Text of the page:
• Hammer Curls (you know, for grip work)
  • EZ Bar Curls
  • Tricep Extensions
  • Distance Conditioning
  • Bonus Mobility Work

Wrap Up

Key Points:

  • I am a believer in being great at a few lifts (opposite of the, “Jack of all Trades. Master of none” saying). Some people might get bored with the same lifts from week to week, but you can implement variations of a lift to keep things fresh. Think about implementing dynamic effort work, eccentrics, isometrics, range of motion modifications (like floor presses), etc. 
  • Don’t forget about your goal. The setup of the Flux Program will vary based on your goal. If you want to focus on strength or hypertrophy budget some extra time for rest in between sets. Shorten the rest periods to make it more like a metabolic lift.
  • Have fun. If you are not having fun while training, you are not going to want to train. Throw in some fun exercises like, “Workin’ on tha Ahmms.”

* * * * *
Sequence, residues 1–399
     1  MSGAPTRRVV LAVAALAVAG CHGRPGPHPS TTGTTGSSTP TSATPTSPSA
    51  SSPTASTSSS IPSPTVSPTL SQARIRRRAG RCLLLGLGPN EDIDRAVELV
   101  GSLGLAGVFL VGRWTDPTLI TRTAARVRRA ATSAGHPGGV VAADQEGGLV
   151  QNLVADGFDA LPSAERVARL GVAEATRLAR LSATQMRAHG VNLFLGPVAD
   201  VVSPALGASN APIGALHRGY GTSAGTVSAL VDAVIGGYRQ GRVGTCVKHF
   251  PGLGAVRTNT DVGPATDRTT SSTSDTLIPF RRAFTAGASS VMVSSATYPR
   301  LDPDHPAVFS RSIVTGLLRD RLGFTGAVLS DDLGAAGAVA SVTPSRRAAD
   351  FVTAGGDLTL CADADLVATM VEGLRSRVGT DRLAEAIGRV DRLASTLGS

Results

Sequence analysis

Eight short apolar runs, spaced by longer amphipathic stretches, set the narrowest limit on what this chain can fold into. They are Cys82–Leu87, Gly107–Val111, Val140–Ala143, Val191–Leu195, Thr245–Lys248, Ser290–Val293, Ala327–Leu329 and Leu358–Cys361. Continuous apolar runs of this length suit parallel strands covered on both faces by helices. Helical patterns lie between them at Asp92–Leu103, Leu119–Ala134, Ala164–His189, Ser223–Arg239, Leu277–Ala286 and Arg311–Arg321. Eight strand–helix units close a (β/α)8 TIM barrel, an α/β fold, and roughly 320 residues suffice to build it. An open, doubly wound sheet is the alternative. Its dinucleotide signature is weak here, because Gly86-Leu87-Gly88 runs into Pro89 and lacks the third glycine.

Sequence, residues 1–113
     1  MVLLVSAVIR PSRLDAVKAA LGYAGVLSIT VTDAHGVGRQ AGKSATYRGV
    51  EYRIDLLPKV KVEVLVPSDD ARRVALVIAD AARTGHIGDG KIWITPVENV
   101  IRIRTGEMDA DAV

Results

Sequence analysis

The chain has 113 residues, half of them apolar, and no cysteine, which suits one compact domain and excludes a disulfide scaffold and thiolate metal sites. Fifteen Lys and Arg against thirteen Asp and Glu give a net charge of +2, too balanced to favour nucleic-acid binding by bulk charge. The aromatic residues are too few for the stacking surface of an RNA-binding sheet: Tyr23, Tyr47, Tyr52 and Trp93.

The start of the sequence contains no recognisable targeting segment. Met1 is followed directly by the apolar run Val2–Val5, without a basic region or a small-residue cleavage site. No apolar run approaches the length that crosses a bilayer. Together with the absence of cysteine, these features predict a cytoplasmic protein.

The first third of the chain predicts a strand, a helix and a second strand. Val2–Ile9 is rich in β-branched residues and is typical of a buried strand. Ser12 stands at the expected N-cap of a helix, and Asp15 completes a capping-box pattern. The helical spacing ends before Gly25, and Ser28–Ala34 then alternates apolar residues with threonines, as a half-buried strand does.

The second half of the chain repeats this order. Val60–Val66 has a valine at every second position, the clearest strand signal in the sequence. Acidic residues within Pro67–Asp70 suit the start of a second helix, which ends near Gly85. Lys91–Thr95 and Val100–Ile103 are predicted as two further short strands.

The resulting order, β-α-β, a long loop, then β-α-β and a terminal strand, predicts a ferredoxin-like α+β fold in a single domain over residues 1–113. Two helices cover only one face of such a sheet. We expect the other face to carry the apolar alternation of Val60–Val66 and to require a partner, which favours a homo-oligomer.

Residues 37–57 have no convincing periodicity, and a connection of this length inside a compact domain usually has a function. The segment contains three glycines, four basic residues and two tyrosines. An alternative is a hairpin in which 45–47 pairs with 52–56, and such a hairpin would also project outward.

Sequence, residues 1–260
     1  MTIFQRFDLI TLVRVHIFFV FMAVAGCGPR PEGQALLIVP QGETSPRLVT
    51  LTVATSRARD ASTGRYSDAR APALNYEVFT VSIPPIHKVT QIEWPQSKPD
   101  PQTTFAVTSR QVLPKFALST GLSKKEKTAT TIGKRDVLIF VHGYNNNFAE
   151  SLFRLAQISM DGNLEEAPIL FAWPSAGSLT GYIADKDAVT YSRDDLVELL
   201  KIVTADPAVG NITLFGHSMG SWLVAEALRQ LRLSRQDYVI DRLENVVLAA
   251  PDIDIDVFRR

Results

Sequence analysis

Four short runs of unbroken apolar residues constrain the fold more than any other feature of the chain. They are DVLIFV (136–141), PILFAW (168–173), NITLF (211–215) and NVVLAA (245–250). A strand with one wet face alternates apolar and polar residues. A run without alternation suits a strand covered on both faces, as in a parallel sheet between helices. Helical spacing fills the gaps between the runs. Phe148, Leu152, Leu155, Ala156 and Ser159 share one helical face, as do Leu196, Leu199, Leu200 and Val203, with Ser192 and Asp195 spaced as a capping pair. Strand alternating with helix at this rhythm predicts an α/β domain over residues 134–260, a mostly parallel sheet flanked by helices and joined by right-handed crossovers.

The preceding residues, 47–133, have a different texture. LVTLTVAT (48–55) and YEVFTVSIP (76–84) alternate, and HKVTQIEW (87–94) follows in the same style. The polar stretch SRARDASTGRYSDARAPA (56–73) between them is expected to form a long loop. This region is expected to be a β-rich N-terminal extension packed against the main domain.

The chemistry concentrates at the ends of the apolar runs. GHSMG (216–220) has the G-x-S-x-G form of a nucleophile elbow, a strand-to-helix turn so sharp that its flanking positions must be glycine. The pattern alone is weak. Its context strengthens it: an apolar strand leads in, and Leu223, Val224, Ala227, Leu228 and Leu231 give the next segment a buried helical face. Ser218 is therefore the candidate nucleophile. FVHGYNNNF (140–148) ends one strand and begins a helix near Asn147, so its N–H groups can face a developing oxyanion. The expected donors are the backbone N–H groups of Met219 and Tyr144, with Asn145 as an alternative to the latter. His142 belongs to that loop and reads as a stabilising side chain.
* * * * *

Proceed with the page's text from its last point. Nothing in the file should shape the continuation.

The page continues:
• You don’t have to live in the gym, but if you want to spend more time in it, that does not make you a bad person. If you have 2 hours to train and you want to be in the gym that long, who am I to say you are wasting your time. I do not know your goals, your current state, and what else you have going on in life. If you are working hard and enjoying life, you are doing it right.

Hopefully I am getting my point across. If Arnold could find 5-6 hours a day to train while taking college courses, acting lessons, speech lessons, working construction, training clients, being a landlord, and selling his own line of lifting products out of his apartment, you can find time to get in 2-30 minute training sessions in each week.

Maybe life isn’t crazy right now and you have your mind set on some physique or strength goals. Flux your program to take advantage of that time and get stronger, more symmetrical with your lifts, more mobile, leaner, faster, bigger, whatever. If you need anything or have questions hit me up on Twitter or Facebook.